Could your job be taken over by a robot? Do you have a contingency plan in place, if so?
No, this is not the basis for a Hollywood screenplay or a dystopian novel. Rather, these are key questions being grappled with by leading economists and governments, and we at Zahra have been doing our research: keen to prepare ourselves for the impending robot invasion.
(Preparing ourselves for the impending zombie invasion is the subject of our next blog post.)
The good news for those of us in the ‘ideas’ sector is that creativity and relationship-building remain excellent ways to future-proof your job, although the jury is still out on how long that may last.
In 2015, Bank of England’s chief economist Andy Haldane stated that 80 million US and 15 million UK jobs might be taken over by robots. Then in January of this year, a McKinsey & Company study found that about 30% of tasks in 60% of occupations could be computerized.
Yes, those were the actual figures. However, not all jobs are created equally. In 2013, a study by Oxford University academics called The Future of Employment examined 702 common occupations and found that some – telemarketers, tax preparers and sports referees – are at more risk of automation than others because these jobs tend to involve more routine, repetitive or predictable tasks.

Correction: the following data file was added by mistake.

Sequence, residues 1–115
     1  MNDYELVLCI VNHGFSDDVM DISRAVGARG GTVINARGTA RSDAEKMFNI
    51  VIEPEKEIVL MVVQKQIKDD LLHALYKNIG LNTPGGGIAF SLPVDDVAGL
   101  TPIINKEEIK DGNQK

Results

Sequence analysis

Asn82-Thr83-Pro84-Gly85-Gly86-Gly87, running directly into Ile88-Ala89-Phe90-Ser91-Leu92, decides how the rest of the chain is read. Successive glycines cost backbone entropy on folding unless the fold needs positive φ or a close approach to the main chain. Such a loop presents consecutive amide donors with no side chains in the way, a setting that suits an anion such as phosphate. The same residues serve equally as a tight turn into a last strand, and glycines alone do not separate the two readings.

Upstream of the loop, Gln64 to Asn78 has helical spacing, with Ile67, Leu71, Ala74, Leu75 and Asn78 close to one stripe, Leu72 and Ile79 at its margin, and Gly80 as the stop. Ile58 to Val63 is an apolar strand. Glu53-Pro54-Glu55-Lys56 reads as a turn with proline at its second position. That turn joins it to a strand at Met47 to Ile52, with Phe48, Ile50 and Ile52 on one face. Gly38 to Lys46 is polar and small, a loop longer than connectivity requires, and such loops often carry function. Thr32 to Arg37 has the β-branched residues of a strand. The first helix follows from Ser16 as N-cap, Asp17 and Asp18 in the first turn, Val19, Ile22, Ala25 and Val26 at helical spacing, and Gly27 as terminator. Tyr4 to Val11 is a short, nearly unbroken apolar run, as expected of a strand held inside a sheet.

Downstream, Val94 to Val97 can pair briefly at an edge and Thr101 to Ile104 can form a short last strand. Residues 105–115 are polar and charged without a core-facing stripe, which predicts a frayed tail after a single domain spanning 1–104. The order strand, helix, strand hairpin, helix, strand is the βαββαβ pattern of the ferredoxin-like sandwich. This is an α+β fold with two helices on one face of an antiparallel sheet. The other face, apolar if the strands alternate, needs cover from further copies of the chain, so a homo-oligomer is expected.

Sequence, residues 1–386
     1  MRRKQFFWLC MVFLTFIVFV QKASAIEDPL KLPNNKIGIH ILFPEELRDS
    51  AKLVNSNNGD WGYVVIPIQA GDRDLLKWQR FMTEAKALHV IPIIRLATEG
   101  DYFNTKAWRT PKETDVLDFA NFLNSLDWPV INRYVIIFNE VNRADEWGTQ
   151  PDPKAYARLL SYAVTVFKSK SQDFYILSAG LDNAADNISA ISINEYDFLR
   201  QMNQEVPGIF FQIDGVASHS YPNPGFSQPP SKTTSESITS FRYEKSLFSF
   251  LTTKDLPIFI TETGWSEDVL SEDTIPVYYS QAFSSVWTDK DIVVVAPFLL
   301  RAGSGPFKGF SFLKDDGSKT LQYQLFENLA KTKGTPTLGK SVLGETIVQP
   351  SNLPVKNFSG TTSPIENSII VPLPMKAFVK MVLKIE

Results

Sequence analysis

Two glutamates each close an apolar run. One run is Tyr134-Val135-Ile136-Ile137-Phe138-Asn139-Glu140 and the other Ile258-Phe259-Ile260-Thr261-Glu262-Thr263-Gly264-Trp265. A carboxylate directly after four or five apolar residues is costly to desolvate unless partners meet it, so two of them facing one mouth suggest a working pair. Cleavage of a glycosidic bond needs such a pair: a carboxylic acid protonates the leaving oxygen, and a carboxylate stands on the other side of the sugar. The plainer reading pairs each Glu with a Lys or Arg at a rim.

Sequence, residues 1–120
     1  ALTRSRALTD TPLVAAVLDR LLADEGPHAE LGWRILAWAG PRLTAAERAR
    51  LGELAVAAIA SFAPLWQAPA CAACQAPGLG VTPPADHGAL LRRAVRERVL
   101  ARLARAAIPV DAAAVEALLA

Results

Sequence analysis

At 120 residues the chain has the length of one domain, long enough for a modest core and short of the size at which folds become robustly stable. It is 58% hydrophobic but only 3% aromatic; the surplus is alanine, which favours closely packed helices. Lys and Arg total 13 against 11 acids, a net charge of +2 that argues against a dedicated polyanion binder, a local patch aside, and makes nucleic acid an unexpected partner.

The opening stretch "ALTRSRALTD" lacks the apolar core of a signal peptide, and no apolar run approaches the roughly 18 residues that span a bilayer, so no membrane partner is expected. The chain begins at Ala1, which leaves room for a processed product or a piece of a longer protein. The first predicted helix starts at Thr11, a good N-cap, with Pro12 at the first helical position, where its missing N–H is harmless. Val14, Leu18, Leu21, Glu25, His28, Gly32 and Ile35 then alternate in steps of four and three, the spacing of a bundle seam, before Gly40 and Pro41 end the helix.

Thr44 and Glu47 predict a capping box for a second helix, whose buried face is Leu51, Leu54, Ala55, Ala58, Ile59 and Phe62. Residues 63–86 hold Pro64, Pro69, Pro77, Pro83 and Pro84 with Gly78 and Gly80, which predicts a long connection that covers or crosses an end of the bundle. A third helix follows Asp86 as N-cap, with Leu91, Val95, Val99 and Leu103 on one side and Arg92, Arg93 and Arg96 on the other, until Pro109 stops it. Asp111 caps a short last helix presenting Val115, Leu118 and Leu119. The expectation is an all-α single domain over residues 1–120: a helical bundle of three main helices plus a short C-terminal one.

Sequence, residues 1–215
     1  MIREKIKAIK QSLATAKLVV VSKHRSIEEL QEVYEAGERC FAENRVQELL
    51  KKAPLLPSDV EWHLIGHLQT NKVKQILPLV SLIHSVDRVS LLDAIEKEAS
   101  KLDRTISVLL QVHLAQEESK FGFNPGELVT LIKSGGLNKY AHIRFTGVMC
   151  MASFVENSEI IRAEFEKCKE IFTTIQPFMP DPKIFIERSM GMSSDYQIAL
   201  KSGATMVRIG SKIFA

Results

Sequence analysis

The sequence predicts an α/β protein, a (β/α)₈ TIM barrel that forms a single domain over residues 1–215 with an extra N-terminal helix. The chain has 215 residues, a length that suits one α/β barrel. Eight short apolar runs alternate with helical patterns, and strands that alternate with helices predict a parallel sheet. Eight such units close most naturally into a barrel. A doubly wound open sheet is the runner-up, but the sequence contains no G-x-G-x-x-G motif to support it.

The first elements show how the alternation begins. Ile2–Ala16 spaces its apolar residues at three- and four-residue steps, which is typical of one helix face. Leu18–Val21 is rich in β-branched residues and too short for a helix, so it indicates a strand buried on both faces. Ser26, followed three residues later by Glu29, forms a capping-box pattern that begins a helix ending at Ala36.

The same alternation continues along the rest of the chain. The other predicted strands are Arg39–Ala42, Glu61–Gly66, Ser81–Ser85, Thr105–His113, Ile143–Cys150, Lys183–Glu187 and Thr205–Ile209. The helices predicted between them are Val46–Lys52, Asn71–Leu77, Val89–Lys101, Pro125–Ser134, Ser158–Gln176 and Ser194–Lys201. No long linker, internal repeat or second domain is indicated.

According to the study, jobs least at risk of automation included recreational therapists, occupational therapists and certain creative jobs such as pattern makers, make-up artists and (yay for us!) marketing managers.
This is backed up by the author and futurist Martin Ford, who has written Rise of the Robots: Technology and the Threat of a Jobless Future. He divides the most future-proof sectors into three categories: creative; relationship building; and unpredictable.
The first are jobs that thrive on “genuine creativity such as being an artist, being a scientist, [or] developing a new business strategy”. Chiming in with the Oxford study, he categorizes the second as those involving complex human interaction and relationship building, such as nursing or business roles that require strong relationships with clients. The third pillar focuses on jobs that remain unpredictable, such as tradesmen involved in emergency call-outs.
All of this is good news for content marketers such as Zahra, because creativity and client focus are the mainstays of what we do (not to mention the occasional emergency call-out to clients when required!).
More optimistic futurists believe that, far from killing jobs, technology will create entirely new businesses and occupations, with the rise of formats such as 3-D printing and gene-based therapies potentially contributing to this.
Experts do agree, however, that over the coming decades, the world of work is going to change radically, with people having to cope with, if not unemployment, certainly a redeployment of skills. It could even be the case that instead of one big job, people have six or seven smaller ones.
You have been warned, people!
[Note: This blog post was inspired by a recent article in The Guardian about the future of jobs.]